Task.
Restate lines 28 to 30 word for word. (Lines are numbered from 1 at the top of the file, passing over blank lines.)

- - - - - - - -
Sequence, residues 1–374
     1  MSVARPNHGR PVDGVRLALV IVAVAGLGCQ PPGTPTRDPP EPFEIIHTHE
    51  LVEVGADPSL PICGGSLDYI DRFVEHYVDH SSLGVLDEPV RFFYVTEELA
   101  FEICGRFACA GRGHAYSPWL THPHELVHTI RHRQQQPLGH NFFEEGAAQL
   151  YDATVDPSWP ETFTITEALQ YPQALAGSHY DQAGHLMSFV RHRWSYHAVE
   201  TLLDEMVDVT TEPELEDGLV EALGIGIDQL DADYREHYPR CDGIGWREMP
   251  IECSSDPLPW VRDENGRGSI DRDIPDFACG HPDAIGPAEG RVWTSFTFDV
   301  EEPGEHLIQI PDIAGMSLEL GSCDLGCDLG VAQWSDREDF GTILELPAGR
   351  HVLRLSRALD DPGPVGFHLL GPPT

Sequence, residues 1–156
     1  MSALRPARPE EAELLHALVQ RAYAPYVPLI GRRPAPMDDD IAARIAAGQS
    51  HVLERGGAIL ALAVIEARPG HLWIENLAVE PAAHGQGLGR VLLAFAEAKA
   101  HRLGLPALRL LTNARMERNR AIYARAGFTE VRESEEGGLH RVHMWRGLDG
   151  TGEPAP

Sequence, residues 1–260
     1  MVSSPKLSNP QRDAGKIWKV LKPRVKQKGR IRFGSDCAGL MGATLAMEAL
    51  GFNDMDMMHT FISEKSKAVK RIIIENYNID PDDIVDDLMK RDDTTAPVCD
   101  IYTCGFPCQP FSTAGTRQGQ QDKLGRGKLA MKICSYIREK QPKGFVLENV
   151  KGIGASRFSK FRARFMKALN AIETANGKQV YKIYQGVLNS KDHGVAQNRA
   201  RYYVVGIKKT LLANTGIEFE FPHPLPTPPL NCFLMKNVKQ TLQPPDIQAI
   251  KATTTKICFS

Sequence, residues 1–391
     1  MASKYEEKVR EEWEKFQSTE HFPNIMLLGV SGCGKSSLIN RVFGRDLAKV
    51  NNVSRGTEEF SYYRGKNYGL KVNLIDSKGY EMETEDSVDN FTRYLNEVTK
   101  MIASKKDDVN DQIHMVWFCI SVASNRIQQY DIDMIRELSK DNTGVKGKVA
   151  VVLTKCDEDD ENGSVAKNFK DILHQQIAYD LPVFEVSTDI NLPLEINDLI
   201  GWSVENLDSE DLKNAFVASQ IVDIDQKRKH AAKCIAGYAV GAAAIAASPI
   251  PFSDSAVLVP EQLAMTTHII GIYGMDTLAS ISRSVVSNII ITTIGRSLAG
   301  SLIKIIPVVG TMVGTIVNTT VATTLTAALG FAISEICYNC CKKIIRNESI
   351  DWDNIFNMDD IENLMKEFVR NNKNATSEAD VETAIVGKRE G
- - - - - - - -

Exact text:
   251  PFSDSAVLVP EQLAMTTHII GIYGMDTLAS ISRSVVSNII ITTIGRSLAG
   301  SLIKIIPVVG TMVGTIVNTT VATTLTAALG FAISEICYNC CKKIIRNESI
   351  DWDNIFNMDD IENLMKEFVR NNKNATSEAD VETAIVGKRE G